Collared Dove - Streptopelia decaocto
Photo ©2005 - Stuart
Wild About Britain

Collared Dove - Streptopelia decaocto
Family - Columbidae

Abundant and widespread resident throughout the British Isles and Europe.  Breeding range extends to Southern Scandinavia, Western Russia, Northern Mediterranean coast to Turkey, Corsica, Sardinia, Crete and Cyprus.  Found more rarely in the Near East, Iraq and in Northern Egypt.  Has bred in Iceland and has recently colonised Morocco.  Most birds are resident but some younger ones disperse usually westwards, which has resulted in the species colonising most of Europe in the last 50 years.  Usually found in open areas with scrub or trees and usually associated with man, it used to be found in cultivated areas but is now mainly resident in urban habitats where it feeds in gardens and parks.  U.S. populations originating in Florida (from an inadvertent release in the Bahamas in the 1970s, spreading to South Florida), are rapidly expanding to the north and west.

Rare until the 1930s, it was only found in its original habitat around India & Sri Lanka.  It then spread rapidly through the Middle East and Europe arriving in England in 1955 and in Scotland in 1957.  At first it received high legal protection resulting in a few prosecutions in the early 60's.  Legal protection was then rescinded in the early 80's at which time it was regarded as a pest.  It's remarkable success is mainly due to it's breeding throughout the year, potentially producing several broods each year.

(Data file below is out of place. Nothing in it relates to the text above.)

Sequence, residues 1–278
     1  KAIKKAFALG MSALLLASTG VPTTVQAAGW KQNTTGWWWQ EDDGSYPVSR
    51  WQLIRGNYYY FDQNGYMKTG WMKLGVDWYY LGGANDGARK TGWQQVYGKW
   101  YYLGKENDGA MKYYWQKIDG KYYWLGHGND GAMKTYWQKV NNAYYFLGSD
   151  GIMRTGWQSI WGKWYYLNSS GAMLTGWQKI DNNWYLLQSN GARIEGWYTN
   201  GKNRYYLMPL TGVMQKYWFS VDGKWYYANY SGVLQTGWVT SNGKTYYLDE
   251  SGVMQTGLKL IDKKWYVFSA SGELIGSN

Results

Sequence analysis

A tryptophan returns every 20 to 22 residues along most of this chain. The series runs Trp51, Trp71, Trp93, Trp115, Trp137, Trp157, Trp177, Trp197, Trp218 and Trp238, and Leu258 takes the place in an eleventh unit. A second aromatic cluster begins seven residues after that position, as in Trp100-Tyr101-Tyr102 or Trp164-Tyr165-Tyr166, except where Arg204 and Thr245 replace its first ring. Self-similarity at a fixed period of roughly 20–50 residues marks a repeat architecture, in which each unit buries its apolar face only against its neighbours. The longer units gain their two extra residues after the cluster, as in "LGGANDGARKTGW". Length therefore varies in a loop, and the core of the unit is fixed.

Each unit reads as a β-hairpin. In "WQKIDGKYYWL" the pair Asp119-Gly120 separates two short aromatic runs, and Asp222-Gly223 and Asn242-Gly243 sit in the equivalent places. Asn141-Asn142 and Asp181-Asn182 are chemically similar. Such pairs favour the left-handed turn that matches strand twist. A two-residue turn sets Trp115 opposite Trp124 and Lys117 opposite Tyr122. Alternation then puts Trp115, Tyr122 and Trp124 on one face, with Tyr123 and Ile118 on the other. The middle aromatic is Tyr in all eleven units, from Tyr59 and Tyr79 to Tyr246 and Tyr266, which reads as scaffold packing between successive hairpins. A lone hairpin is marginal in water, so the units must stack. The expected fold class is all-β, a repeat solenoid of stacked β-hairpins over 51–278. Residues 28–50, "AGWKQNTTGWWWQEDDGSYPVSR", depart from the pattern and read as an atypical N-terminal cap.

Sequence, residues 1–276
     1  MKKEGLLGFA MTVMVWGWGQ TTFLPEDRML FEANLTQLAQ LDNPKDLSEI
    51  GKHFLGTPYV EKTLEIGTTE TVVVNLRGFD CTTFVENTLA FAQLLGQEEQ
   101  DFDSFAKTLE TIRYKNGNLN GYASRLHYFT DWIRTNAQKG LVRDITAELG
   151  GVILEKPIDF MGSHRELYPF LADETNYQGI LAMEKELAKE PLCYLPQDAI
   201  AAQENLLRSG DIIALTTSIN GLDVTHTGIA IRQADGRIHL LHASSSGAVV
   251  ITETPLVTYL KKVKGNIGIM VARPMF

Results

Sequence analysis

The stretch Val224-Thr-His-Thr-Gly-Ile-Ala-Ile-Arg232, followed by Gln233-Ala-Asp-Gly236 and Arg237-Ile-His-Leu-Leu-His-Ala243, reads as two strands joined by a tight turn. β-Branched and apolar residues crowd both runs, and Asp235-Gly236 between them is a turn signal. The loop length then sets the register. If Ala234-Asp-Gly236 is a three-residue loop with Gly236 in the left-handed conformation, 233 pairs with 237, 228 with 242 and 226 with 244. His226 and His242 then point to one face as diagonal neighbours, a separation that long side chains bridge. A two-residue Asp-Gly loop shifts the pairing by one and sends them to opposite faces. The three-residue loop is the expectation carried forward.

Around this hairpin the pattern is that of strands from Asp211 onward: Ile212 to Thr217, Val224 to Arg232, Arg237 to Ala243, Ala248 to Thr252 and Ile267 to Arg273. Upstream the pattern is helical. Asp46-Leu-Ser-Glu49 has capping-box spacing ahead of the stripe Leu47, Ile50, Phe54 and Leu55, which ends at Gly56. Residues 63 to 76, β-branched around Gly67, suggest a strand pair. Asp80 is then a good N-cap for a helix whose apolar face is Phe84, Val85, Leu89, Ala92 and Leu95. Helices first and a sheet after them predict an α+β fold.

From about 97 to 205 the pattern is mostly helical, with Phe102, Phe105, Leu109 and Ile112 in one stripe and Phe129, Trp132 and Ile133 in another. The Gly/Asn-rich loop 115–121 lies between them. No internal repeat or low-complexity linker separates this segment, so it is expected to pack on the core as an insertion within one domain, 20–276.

Usually 31-34cm (12-14in) with a wing span of 63-70cm (24-28in), generally a grey with pink tinge, especially on the chest.  Distinctive black collar marking on the neck edged in white, dark primaries and pale gray-brown mantle with a silvery patch on the wing wrist.  The wing undersides are white, dark eyes and bill and red legs.  It's call is a repeated "kuk-kooooo-kuk".  Easily adapts to human settlement and will be found in towns, agricultural areas and suburbs.  Nests during most of the year in trees, buildings and other man-made structures laying two white eggs.

Close window


Site design ©1999- Brickfields Country Park - Privacy -